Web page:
Welcome, all! You’re just in time for the monthly (1st Wednesday) on-line gathering of the Insecure Writer’s Support Group, where you’ll find helpful tips, handy resources, the latest trends in publishing, and a comfortable place for hundreds of writers – just like you and I – to share our writing journeys!
Feel free to meander and mingle. Our gracious co-hosts this month are:
In a recent newsletter, Sci-Fi author and IWSG founder: Alex Cavanaugh, shared a cautionary post on the subject of writers voicing opinions on controversial issues and the possible effects of doing so while hoping the world will still love and buy your books. Having witnessed (along with the rest of the world) the devastating consequences of controversy, I agree with Alex on avoiding it altogether.
However, I do have one question: should the same precautions be taken with regard to a memoir? Do you dare tell generations to come that you always hated the holiday ham (not to be confused with Uncle Whoever) or that it was, in fact, Uncle Whoever who burned down the barn that fateful summer night? Of course, if you’ve been chronicling your life all along you have essentially recorded history; yours as you knew it. In attempting to write my own, and ghostwriting for others, I find there are contemporary constraints in recording life in retrospect. Should there really be an issue?
Of Quotable Note:
“Wherever I go, I’m watching” ~ Richard Scarry; renowned children’s book author and illustrator would be 100 years old today! “You spell dessert with two “s”es cuz together they look like whipped cream!” I still have a few of those Little Golden Books around the house. How about you?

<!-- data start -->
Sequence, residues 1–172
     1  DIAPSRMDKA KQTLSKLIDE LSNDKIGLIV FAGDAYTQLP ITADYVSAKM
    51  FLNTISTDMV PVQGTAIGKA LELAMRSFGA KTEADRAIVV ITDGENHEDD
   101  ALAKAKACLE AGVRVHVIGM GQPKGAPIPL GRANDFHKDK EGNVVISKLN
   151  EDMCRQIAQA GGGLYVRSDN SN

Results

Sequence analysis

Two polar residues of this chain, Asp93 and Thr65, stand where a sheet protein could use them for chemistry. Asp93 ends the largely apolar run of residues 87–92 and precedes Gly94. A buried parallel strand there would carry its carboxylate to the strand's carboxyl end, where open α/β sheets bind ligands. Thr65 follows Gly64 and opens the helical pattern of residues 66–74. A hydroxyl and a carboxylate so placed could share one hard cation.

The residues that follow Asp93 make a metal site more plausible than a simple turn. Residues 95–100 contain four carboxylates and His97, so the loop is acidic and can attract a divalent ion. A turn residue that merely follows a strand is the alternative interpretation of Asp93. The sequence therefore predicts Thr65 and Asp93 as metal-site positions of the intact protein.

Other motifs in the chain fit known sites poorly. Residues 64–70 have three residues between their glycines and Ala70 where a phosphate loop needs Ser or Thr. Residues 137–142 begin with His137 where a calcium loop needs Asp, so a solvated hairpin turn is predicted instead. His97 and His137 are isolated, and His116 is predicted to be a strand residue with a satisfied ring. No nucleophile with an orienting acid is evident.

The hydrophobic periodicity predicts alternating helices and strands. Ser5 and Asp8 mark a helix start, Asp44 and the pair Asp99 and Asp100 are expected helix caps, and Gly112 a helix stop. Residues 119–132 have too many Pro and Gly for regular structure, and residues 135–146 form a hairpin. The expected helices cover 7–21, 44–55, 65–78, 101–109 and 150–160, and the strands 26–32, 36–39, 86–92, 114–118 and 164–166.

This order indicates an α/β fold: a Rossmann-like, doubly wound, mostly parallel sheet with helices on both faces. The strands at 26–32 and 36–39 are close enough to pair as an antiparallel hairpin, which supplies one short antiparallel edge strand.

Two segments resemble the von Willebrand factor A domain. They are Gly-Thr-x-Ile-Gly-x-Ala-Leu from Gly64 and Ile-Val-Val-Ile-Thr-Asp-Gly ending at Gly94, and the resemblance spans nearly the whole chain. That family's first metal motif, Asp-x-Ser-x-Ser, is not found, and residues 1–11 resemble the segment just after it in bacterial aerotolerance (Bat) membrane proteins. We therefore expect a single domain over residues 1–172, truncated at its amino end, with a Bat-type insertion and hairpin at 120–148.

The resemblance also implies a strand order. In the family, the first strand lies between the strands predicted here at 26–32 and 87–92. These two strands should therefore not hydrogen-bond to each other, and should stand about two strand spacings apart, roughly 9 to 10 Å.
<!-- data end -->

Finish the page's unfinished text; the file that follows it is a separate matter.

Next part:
“Girl in the wind blowing wide open the closed doors of my life,” ~ Christy Brown Irish author and painter whose autobiography was made into the Academy Award-winning film “My Left Foot.” He would be 87 years old today!
Optional IWSG Question: “Of all the genres you read and write, which is your favorite to write in?”
That thankfully brief, and sometimes painful period in life; so often referred to as “coming of age” when one day a stranger stares back at you in the mirror. Parents won’t ever admit that this is the real ‘Stranger Danger’ they were afraid of (ha!), and you won’t admit you’re more afraid than they are. So, you soar headlong into the realm of uncertainty, through failing grades and heartaches, dust-ups and break-outs, learning to swim on a bicycle, until the day you recognize that face in the mirror as having been yours all along, you’d just been away for a time – absorbed in self-discovery.
Editor Bennett Cerf challenged Dr. Seuss to write a story using no more than 50 different words. The result was: “Green Eggs and Ham”